ALBUM REVIEW: Serpentwithfeet breaks through convention with Soil

Soil, Serpentwithfeet

Under the stage name Serpentwithfeet, Josiah Wise breaks through the surface of his immense potential. With captivating vibrato and range, Wise wields an uncanny ability to immerse his listeners beneath waves of lyrics reflecting deeply pensive love. While his 2016 EP gained recognition by the likes of Bjork, the project merely hinted at what the 29-year-old had to offer. Wise’s debut LP titled Soil sees the vibrant vocalist breaking through as a talent bound to make waves from here on out.

June 8

“And what was once a whisper will become a deep rumbling sound,” Serpentwithfeet sings on “Bless Ur Feet,” the first single off Soil. This line perfectly captures the nature of Serpentwithfeet’s rise to prominence. While more subtle with his words on his 2016 EP, Wise has evolved into a confident lyricist with the intent of compelling listeners with each line he utters.

Embracing primal human desires, Soil sees Wise lyrically writhe through a brush of themes touching upon gender, sexuality, love and death. While these topics are a common focus throughout pop music, Wise does so through a religious guise. Having grown up with a constricting, church background, everything who Wise is today was withheld from him at arm’s length, including his sexuality and his ability to freely express himself.

With language historically used to oppress, Wise uses the religious language he picked up over the years and subverts it. Take these lines from the album’s second single, “Cherubim:” “I get to devote my life to him/ I get to sing like the cherubim.” While these words can be easily misinterpreted as adoration toward God, Wise sings of adoration toward a man he loves in a way that he used to sing about loving God when he was part of a Pentecostal church choir as a 6-year-old.

Although his religious background was incredibly stifling and detrimental to his artistic and personal expression, being deeply in touch with his background has informed Wise’s unique voice on such topics. This allows his music to be that much more powerful and evocative.

While embracing innate human sexuality with unfettered conviction told through religious subtext, Wise marries the spiritual experience of Soil with musical excursions that are equally soulful. Ranging from chamber pop, R&B and gospel, Soil has an unusual but profound fusion of sound.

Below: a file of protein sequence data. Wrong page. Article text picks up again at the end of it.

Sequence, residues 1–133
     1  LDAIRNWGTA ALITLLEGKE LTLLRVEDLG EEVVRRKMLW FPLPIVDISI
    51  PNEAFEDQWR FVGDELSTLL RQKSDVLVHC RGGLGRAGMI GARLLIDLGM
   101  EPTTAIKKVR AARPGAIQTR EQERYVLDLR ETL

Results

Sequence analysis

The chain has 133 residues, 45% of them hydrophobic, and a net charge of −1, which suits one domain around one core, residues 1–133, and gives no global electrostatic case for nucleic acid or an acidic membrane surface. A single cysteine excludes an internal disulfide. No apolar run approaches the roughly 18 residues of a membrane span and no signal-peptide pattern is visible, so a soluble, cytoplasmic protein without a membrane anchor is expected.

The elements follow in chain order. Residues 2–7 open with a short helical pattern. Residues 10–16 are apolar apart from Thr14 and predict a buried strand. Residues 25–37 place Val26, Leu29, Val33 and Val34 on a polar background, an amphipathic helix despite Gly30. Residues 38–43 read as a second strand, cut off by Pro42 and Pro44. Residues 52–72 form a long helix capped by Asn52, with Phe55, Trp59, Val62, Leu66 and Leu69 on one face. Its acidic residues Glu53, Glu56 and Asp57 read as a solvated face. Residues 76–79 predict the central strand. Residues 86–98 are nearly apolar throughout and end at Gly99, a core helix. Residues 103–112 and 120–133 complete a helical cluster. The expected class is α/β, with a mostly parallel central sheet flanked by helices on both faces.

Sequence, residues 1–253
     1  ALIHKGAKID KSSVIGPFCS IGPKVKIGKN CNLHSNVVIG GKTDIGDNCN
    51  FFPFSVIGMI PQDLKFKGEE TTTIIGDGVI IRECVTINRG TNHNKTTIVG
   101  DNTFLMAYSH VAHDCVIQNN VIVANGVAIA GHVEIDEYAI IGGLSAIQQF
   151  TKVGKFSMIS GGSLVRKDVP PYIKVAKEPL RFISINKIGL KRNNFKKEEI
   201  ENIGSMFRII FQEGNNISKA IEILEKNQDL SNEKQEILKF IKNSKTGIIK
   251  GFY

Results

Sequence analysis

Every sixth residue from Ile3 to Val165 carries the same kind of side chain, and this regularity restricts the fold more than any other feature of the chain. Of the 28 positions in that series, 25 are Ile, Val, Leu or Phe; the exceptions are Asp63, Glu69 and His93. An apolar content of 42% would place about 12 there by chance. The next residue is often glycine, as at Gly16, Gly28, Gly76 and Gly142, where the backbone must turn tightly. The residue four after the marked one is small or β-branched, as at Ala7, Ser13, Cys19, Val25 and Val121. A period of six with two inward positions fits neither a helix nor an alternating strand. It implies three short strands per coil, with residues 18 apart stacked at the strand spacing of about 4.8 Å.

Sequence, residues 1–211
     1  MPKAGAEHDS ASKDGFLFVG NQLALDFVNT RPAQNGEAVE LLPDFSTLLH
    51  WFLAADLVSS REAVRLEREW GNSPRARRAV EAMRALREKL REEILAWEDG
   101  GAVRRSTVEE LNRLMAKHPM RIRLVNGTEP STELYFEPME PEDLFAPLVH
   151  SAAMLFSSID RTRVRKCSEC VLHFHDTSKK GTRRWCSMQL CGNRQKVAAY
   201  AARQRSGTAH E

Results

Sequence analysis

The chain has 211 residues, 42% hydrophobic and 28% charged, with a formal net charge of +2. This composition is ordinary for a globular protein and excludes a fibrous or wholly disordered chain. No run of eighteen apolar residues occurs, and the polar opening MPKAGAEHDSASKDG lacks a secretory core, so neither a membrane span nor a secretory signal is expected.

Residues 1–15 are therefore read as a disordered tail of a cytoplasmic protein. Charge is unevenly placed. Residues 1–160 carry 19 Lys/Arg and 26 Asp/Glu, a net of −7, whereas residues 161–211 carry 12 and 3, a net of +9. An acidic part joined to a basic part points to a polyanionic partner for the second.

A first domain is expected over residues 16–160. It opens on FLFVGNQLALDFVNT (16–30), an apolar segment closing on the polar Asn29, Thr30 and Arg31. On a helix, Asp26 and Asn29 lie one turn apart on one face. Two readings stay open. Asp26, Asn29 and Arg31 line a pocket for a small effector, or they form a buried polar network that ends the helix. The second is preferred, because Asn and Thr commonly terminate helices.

Wise, with the help of producer Katie Gately, links these sonic diversions with an avant-garde alchemy that feels completely natural. When combined with Wise’s stunning vibrato, the album’s climactic strings, handclaps and soulful chants elicit a theatrical, moonlit feel. This is especially true on the album’s two closing numbers, “Slow Syrup” and “Bless ur Heart.”

Although Wise’s vocals are tender and tragic for the vast majority of his debut, his dramatic style becomes playful as the spiritual turns sensual with “Wrong Tree.” “Cherubim,” arguably the best track, portends a beastly and ritualistic atmosphere despite what the angelic title suggests. Wise’s vibrato darts up, down and between what sounds like looped grunts, heavy breathing and thunderous percussion.

Eschewing the overwrought descriptor of contemporary R&B, Soil offers something entirely unique. Every song is different from the next and constantly evolves. With monastic chants and orchestral splendor building tension beneath Wise’s pained voice, Soil will leave listeners emotionally scarred long after experiencing its remarkably evocative essence. With inventive sound design augmenting Wise’s voice, the deeply personal vision and image of Serpentwithfeet are brought to full fruition.

As Serpentwithfeet flips gospel on its head, both lyrically and sonically, conviction and honesty break through cracks of heavily expressed pain and desire—miraculously resulting in a debut that is both grand and personal. Soil is a spiritually compelling accomplishment that may spark the inevitable and well-deserved stardom of Josiah Wise.

Follow writer Kyle Kohner at

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